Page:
JJ
Big Ben
I laugh every time I see this post. Extreme Boondocking. I have full timer friends that I have spent the last couple summers with. Every year for the last 5 they go off in the desert and spend 4to5 with no eletric except for solar power watter has to be hauled in and sewage pick up. That to me is extrem boonddocking.
DXSMac
QUOTE(Big Ben @ Mar 23 2008, 08:00 PM) *

I laugh every time I see this post. Extreme Boondocking. I have full timer friends that I have spent the last couple summers with. Every year for the last 5 they go off in the desert and spend 4to5 with no eletric except for solar power watter has to be hauled in and sewage pick up. That to me is extrem boonddocking.


BigBen, is that 4-5 DAYS or 4-5 WEEKS? As for water, I can last 3 days on one tank of water, maybe 4 days if I push it and do only PTA baths (women will know what those are, if you aren't a woman, don't ask!).

However, I gotta give your friends the award for the other end of "extreme" boondocking. Pianotuna gets the award for LOW temps. Your friends get the award for the higher temps (I'm assuming that the desert, at the time of the year they go, has got to be in the 90's and above.....)

Well, since I failed to get my opportunity for extreme boondocking at "just below freezing" temps, I have to say that I'm with Beastdriver. Extreme boondocking to me is "not having wireless."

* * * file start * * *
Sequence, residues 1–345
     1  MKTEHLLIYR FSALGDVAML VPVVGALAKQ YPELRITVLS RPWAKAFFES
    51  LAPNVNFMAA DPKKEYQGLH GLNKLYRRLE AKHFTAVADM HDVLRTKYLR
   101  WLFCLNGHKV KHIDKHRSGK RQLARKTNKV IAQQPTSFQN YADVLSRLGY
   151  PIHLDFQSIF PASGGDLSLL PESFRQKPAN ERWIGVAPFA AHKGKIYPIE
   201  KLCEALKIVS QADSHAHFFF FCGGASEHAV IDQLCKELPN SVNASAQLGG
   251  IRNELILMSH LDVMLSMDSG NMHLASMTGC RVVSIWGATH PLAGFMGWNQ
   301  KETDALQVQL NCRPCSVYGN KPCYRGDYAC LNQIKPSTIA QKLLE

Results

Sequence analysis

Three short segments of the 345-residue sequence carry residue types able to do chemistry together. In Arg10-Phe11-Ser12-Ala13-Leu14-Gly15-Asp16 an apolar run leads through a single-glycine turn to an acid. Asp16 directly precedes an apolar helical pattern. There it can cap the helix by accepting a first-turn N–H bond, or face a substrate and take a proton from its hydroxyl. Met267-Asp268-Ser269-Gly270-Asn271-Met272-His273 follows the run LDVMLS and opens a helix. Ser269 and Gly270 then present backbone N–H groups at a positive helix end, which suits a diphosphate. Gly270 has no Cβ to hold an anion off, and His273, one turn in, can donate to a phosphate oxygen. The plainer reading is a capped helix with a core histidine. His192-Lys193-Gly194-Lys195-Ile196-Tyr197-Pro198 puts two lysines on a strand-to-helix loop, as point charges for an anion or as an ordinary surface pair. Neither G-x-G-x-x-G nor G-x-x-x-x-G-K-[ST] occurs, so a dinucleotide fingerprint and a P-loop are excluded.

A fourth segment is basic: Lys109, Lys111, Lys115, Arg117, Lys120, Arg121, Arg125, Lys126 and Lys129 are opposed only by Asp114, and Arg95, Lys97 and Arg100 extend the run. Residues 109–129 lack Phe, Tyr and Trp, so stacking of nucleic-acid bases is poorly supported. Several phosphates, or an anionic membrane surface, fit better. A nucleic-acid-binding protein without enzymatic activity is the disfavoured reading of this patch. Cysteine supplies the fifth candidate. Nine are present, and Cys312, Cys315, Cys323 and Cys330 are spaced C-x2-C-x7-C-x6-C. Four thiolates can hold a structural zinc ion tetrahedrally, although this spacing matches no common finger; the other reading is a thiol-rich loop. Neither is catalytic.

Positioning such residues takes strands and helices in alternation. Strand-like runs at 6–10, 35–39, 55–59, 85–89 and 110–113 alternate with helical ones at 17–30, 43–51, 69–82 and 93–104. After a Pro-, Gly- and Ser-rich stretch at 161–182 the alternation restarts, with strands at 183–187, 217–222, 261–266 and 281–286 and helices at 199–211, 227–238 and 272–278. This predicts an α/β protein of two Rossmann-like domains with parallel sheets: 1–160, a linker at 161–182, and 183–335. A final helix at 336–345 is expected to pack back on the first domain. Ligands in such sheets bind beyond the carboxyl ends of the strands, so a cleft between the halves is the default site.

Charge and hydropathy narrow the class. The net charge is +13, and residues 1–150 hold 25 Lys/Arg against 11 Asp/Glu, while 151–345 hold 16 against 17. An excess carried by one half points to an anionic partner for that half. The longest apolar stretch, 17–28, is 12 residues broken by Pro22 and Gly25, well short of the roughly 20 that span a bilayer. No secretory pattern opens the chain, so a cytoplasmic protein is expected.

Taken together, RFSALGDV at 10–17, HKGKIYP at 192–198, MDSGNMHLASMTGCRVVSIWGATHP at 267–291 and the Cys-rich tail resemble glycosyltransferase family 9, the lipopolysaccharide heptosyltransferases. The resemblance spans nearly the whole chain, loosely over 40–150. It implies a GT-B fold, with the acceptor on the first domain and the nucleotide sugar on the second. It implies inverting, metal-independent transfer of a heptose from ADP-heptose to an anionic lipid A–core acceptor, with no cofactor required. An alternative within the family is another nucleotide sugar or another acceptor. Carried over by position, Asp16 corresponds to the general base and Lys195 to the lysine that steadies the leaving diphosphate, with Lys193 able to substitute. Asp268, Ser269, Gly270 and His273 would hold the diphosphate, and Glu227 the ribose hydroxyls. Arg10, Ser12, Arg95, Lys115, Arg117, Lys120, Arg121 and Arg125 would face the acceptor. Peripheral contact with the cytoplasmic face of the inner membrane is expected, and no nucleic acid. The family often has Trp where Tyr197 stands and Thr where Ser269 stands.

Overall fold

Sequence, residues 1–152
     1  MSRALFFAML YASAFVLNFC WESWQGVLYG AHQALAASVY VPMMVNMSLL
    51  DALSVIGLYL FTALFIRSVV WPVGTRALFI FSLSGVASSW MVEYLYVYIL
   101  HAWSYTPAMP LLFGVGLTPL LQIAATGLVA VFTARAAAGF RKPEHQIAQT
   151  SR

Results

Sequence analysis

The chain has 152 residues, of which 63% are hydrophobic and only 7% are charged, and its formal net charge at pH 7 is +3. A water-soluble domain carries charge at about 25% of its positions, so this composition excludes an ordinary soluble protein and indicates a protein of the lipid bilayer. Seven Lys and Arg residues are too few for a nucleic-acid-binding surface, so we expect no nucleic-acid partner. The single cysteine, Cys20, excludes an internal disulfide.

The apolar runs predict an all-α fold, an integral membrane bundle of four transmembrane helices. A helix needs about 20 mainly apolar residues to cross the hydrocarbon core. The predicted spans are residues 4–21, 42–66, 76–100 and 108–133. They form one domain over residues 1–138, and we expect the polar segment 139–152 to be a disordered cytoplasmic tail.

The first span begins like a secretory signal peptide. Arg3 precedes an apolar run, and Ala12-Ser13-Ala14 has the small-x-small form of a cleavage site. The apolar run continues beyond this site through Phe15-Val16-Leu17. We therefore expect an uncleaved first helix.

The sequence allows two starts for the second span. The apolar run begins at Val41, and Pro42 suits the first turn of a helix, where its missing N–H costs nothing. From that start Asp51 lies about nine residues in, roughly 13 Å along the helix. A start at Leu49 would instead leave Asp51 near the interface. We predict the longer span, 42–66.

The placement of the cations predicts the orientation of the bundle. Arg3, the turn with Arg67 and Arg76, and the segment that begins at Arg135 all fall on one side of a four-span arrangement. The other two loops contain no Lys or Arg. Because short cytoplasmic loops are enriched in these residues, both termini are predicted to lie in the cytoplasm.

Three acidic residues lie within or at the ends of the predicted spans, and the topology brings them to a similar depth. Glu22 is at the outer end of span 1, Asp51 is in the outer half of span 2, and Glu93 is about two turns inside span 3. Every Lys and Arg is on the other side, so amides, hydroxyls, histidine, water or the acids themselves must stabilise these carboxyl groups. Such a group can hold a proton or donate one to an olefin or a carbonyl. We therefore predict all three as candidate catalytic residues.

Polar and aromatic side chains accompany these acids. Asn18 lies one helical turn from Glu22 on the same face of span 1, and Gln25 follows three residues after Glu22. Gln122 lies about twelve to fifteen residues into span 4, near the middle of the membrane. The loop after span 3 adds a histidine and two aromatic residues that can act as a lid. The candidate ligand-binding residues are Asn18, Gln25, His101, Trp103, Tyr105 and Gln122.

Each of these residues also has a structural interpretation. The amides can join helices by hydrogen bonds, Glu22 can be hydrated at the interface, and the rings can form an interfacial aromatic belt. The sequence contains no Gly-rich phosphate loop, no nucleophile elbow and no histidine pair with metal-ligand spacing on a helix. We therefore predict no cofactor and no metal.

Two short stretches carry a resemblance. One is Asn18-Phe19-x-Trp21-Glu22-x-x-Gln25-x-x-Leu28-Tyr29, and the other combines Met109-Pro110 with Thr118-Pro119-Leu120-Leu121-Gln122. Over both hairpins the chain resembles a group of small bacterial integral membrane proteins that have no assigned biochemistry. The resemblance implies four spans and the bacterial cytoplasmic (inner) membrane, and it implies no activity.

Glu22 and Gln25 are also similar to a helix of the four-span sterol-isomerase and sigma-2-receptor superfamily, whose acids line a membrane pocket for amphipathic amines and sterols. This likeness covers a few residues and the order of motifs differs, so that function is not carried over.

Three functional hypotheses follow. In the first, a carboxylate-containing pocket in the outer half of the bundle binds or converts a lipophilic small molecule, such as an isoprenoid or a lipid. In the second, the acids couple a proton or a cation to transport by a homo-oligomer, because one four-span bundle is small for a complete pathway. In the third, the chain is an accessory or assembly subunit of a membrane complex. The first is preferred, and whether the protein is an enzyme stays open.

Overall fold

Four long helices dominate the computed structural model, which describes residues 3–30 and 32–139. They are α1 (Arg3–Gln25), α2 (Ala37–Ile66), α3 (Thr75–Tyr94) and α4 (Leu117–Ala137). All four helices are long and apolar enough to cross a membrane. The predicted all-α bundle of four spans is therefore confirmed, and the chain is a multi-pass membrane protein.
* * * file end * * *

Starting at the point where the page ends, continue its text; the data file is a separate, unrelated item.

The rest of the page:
JJ
Big Ben
I'm sorry it is months.
Florida Native
We boondocked earlier this week at 24 F. Wasn't too bad. I highly recomend the electric blankets and an inverter. We have 2 170 amp hour batteries, so it isn't a problem. The cat will go to the warmest spot on her own, which will be the electric blanket. Be sure to have something heavy on top of the electric blanket.

Good Luck
DXSMac
QUOTE(Lindsay Richards @ Mar 24 2008, 05:41 PM) *

We boondocked earlier this week at 24 F. Wasn't too bad. I highly recomend the electric blankets and an inverter. We have 2 170 amp hour batteries, so it isn't a problem. The cat will go to the warmest spot on her own, which will be the electric blanket. Be sure to have something heavy on top of the electric blanket.

Good Luck


Well, the place I was going to "boondock at 26 degrees for two nights" ended up giving me a plug in, after telling me I would be "dry camping." I do have a power station that I bought from Costco, it is kind of like an inverter. You can plug in appliances up to 300 watts, plus it has an air compressor and some jumper cables. I think electric blankets is too much for it. I may have to invest in an inverter.

Well, missed out on this opportunity. Hopefully another one will come by.

JJ
pianotuna
Hi JJ,

I'm glad it worked out so well for you.

As to your little 300 watt unit. If it has a 12 volt "outlet" on it you may be able to plug it into your cabin battery and use that as a power source. The same thing may be true of the jumper cables--but that would probably mean leaving the unit outside. NOT recommended.